Oh Marin, Marin! How much we love ye and yet can’t stand ye!
I’ve worked with Marin Software for many years, on big campaigns—and I have many mixed thoughts about it, which I will summarize here.
First, let’s review the good thoughts.
Marin is the best tool I know of—at the time of this article at least—to synchronize AdWords / Google Ads and Bing Ads accounts. The synchronization issue is a serious challenge. When you’re in optimization mode, you don’t want to repeat every little optimization twice. It doubles the amount of time needed, and it’s very annoying. Given that the AdWords to Bing audience is approximately 4 or 5 to 1 everyone tends to concentrate on AdWords optimization, to the detriment of Bing.
An ideal solution would be an instantaneous, automatic synchronization—but Google forbids that.
The closest it comes to solving this is Marin Software. Marin takes the campaign changes to AdWords and gives it to you in an easy-to-upload format for Bing. Only a few clicks, and BAM—there you go! Still a bit annoying, but way better than doing it manually. This alone may make it worth the large fee.
The other key power feature of Marin is automated bidding. If you want to create sophisticated rules to change the bidding, it gives you much more power than AdWords. For example, while on AdWords you can adjust bids by criteria such as “time of day”. Marin lets you aim for a target position, and then it adjusts the bidding (within the ranges you define) to try to get your position to that target. As someone who has often found position number 3 to be the optimal position—below that too few clicks, above that too expensive per click—the Marin platform is really helpful. And, yes, I know that Google is de-emphasizing the ad position…it smells to me like they will stop giving us that data at some point.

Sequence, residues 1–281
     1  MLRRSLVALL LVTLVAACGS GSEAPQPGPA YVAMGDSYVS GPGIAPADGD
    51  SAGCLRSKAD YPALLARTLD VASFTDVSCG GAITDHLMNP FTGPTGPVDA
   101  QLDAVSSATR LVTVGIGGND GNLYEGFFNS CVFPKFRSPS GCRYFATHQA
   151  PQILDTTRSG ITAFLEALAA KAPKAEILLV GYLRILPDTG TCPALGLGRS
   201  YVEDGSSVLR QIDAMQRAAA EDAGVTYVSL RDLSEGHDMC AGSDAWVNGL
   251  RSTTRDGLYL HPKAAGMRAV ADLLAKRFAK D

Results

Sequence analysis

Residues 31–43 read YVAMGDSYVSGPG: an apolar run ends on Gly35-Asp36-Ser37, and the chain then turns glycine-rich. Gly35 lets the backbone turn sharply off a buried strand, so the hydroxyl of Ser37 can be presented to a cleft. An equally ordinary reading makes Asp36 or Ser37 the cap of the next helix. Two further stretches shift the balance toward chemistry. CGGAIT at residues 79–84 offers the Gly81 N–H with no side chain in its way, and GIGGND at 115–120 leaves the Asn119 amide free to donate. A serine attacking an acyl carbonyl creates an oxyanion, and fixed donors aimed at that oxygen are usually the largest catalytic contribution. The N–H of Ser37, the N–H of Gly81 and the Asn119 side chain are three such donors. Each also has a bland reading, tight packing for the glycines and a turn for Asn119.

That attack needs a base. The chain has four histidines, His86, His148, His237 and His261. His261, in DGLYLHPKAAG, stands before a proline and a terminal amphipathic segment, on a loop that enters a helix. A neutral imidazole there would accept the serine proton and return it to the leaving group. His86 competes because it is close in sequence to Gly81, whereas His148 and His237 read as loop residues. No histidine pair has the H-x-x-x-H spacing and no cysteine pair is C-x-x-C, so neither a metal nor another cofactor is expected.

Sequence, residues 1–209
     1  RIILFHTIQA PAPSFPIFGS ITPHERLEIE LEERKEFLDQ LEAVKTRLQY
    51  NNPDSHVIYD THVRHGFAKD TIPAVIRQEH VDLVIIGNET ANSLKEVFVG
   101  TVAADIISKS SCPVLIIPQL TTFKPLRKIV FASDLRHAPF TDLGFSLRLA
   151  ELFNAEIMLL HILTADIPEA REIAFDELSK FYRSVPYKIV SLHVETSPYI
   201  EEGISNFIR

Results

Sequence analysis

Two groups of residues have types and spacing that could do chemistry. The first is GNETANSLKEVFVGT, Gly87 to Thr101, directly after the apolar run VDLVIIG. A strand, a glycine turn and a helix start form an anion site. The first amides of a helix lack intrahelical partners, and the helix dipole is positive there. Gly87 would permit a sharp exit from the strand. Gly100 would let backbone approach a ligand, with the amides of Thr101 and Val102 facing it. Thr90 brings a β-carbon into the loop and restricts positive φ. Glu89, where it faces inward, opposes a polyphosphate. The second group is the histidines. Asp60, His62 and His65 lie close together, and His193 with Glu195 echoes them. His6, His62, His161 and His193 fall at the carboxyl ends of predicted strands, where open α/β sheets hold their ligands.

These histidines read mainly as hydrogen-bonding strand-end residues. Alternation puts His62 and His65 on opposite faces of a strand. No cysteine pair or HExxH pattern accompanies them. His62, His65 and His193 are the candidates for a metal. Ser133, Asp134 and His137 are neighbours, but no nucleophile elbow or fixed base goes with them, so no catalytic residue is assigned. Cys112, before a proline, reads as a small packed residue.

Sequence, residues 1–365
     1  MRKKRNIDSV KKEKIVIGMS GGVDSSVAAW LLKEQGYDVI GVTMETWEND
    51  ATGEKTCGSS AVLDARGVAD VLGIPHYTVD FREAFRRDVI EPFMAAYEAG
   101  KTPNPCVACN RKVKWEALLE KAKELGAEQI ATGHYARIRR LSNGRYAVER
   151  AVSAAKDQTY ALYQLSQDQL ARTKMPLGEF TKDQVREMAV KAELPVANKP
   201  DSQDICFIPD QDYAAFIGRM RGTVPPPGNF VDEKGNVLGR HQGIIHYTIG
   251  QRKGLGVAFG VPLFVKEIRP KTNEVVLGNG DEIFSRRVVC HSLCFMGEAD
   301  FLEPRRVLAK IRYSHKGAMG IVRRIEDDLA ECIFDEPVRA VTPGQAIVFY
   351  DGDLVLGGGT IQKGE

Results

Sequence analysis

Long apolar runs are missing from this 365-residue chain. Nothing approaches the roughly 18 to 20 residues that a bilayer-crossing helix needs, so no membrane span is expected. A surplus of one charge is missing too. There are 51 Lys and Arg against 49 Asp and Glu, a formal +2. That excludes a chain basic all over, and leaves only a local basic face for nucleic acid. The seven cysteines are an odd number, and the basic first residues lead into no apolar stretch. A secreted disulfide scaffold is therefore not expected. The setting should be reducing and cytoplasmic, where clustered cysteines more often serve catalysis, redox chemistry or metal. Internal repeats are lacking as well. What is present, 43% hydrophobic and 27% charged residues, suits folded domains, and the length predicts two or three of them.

All that said, it is important to acknowledge that Marin does have many downsides.
First, the cost, at 5% of the ad spend quickly becomes huge for non-trivial campaigns. For large campaigns, are the two benefits worth what amounts to another employee’s salary? Only you can judge that!
Second, the interface feels like it hasn’t had an uplift since 2002. As a result, you need to work through lots and lots of clicks and clunkiness to do simple bidding changes.
Third, it doesn’t include many of the smart, smooth features, such as smart recommendations that it auto-implements, etc. Leave these up to one of the younger and newer competitors.
All that said, Marin is the lumbering giant in the AdWords tools space. They’ve been around forever, which can be both good and bad. It is feature-rich but clunky. So, pick your poison, no system has everything. In this case, the value is primarily in the two features mentioned above. The other features—reporting, automated changes, and so forth—are much easier and cheaper to get elsewhere, and through better UI‑s.
Finally, how the heck do you pronounce your name, Marin? My instinct is always “MAH-rin,” which feels natural in English. But you’re based in San Francisco, where the trust-fund-hippy northern suburbs is “Marin County,” pronounced “Mah-RIN” (I characterize you that way full of love for you, Marin County!).
Morgan Friedman has been building and running Display campaigns on top of GDN Network of Adwords, err, he means "Google Ads," for almost 15 years. Friedman is, by nature, an obsessive optimizer, and has been A/B testing every obscure option, configuration, strategy, and tactic on Display Ads. Oh and search ads, as well as figuring out how to grow companies and politicians from just the seed to hundreds of thousands of users, or voters, as well. His favorite number is eleven. He enjoys writing about Managed Placements.